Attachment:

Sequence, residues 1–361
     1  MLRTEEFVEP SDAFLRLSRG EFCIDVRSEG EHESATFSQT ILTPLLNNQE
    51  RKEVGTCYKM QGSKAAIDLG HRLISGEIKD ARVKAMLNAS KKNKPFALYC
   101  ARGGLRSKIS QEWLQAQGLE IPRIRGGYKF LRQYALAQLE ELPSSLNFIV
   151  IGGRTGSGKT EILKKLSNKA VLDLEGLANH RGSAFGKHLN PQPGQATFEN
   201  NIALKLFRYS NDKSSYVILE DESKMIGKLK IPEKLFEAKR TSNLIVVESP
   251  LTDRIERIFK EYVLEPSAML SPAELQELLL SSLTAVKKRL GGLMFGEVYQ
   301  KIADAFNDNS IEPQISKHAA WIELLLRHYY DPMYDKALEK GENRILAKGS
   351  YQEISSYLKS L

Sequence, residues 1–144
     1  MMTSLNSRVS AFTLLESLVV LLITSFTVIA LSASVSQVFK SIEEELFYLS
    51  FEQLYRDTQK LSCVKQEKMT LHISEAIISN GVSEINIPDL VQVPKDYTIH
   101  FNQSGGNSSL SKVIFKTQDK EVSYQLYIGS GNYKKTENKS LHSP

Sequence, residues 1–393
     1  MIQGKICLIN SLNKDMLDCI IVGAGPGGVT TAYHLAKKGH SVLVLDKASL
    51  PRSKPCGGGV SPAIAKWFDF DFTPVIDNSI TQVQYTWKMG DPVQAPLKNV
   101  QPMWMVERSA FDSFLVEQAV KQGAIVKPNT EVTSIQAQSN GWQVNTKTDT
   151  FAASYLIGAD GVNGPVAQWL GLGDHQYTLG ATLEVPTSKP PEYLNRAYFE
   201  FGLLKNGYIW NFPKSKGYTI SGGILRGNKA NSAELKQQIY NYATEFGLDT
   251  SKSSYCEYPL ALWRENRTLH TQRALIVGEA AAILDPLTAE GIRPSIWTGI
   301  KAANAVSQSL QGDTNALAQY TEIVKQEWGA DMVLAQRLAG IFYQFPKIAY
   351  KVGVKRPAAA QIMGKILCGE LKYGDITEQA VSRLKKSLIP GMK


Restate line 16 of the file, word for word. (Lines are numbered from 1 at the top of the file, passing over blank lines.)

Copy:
    51  PRSKPCGGGV SPAIAKWFDF DFTPVIDNSI TQVQYTWKMG DPVQAPLKNV